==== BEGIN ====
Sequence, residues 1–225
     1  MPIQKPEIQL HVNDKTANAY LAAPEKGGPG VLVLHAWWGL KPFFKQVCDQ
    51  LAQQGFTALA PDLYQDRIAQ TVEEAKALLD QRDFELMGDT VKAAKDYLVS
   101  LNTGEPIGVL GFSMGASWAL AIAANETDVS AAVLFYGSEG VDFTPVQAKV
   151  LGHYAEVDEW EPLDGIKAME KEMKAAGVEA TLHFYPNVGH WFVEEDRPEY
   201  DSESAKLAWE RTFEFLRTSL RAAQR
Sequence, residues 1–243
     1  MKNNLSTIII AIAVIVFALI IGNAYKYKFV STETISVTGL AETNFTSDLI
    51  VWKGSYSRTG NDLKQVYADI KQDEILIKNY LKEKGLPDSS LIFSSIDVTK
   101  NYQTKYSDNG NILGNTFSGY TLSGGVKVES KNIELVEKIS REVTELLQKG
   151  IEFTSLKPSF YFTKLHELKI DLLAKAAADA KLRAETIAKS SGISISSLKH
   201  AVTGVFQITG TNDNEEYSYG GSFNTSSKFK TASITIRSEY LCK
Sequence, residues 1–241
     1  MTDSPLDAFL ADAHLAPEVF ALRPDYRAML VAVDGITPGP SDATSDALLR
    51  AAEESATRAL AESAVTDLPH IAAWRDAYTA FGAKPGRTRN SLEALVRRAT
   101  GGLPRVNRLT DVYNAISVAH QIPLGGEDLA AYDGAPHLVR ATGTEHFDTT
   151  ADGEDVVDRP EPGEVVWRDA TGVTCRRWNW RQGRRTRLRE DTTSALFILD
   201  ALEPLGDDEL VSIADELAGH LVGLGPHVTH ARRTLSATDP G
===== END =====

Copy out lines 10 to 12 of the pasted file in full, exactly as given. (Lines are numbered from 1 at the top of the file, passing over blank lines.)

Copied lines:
   101  NYQTKYSDNG NILGNTFSGY TLSGGVKVES KNIELVEKIS REVTELLQKG
   151  IEFTSLKPSF YFTKLHELKI DLLAKAAADA KLRAETIAKS SGISISSLKH
   201  AVTGVFQITG TNDNEEYSYG GSFNTSSKFK TASITIRSEY LCK